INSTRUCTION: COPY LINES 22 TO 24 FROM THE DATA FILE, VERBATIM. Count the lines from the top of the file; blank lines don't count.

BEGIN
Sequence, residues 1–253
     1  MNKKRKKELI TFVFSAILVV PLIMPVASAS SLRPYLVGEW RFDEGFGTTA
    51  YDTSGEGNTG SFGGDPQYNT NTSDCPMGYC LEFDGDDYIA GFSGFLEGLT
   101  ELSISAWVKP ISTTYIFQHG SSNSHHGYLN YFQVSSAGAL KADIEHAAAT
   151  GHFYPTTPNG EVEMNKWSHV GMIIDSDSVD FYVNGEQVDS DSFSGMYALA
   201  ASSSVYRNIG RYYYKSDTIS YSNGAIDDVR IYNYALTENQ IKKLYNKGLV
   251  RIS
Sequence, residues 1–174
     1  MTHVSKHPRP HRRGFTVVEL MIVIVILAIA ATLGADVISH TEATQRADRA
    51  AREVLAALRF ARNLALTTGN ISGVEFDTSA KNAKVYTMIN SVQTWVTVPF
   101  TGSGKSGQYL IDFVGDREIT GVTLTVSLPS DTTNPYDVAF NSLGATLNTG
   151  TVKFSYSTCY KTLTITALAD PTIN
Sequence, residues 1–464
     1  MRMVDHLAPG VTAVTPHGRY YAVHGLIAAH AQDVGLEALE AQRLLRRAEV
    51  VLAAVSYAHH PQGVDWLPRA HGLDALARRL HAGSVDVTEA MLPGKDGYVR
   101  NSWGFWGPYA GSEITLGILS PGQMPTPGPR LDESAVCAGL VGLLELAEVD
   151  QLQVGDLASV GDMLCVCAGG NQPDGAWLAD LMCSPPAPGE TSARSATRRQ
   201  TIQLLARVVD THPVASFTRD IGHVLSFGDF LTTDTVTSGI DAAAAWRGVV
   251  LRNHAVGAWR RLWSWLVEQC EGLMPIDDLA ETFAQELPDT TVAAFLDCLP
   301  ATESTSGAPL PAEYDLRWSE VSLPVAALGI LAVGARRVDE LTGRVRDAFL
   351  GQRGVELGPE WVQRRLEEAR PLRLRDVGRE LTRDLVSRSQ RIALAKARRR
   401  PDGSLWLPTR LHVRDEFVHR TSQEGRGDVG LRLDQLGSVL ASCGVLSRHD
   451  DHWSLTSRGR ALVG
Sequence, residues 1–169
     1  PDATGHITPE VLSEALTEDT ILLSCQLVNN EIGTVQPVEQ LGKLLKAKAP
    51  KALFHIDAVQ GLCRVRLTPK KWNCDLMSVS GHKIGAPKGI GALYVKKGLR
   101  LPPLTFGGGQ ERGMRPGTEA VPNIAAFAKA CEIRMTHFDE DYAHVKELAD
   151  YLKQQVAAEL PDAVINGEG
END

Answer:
   401  PDGSLWLPTR LHVRDEFVHR TSQEGRGDVG LRLDQLGSVL ASCGVLSRHD
   451  DHWSLTSRGR ALVG
Sequence, residues 1–169